Plagued with an aging—and shrinking—membership, the nation's largest labor organization on Tuesday moved to tap a gushing fountain of youth: the nation's fast-growing immigrant workforce.
The AFL-CIO announced new partnerships with the National Domestic Workers Alliance and the National Guestworker Alliance, two unions whose memberships are heavily immigrant and predominantly minority. They also have more young workers, something the labor movement badly needs.
This is further evidence that the AFL-CIO, which has been criticized in the past for not embracing immigrants, increasingly recognizes the importance of organizing the hard-to-outsource service industries dominated by minority workers. The labor giant's embrace of Latinos and other immigrants offers a chance to reverse a steady membership decline.
Last year, 12 percent of American workers were union members, down from about 20 percent in the early 1980s. In the 1950s, more than one-third of U.S. workers belonged to unions. The next years hold even greater peril for the labor movement as many union members head toward retirement: 16 percent of workers ages 55 to 64 are represented by unions, compared with 10 percent of those ages 25 to 34.
In announcing the new partnerships with the Domestic Workers Alliance and the Guestworker Alliance on Tuesday, AFL-CIO President Richard Trumka tacitly acknowledged his organization's demographic dilemma, urging participants at the Excluded Workers Congress to bring under the union umbrella "single moms, new immigrants, African Americans, young people, [and] Latinos."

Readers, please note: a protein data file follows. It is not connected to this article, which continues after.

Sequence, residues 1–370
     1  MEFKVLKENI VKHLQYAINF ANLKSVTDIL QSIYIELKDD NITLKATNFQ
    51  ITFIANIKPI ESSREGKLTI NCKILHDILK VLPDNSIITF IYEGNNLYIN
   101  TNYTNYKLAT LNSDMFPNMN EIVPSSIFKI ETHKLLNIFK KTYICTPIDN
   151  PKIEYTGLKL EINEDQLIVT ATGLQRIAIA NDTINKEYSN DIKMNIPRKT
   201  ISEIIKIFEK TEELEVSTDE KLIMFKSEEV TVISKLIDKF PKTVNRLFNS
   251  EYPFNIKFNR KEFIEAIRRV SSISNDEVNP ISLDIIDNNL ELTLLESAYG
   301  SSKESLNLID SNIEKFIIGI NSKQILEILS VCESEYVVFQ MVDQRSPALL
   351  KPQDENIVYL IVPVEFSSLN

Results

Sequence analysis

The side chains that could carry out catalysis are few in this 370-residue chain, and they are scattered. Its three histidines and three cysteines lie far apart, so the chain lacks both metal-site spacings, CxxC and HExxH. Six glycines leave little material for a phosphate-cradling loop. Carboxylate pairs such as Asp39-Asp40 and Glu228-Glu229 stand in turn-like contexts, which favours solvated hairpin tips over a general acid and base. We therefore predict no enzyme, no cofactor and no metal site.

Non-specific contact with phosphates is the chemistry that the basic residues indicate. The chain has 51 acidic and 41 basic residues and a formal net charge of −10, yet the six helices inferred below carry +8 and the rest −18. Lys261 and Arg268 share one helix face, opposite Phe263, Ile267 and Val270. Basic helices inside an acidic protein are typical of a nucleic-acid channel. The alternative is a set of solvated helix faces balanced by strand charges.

The Domestic Workers Alliance includes 33 organizations in 11 states, which seek to organize the 2.5 million domestic workers in the United States. The Guestworker Alliance is a newer, smaller organization developed in response to abusive treatment of guestworkers who came to the U.S. to help rebuild after Hurricane Katrina.
The groups' joint statement reads like a call to arms for a shift in unions' thinking.
"The AFL-CIO and the National Guestworkers’ Alliance set out to forge a powerful partnership... to build a new labor movement for a new economy," the statement reads. "Compelled by the transformation of industry and the forces of the global economy, we are setting out to create new forms of organization and new methods of bargaining that include guestworkers."
Ana Avendano, the associate general counsel and director of the immigrant worker program at the AFL-CIO, pointed out why partnering with the NGA and NDWA can benefit the older unions. "The leaders of these organizations really represent the future of the labor movement: They’re young, they’re for the large part workers of color," she said. "They’re serving as a model of leadership for the labor unions. They bring a new energy, new creativity, new ways of thinking in terms of organizing and talking to workers."
Avendano also said the AFL-CIO and the fledgling union movements needed each other. "The labor movement and organized labor are used interchangeably in sentences—these kinds of partnerships really grow the movement part of the labor movement." she said. "And for these groups, they need the organization because that’s what makes sure they keep the gains they’ve made."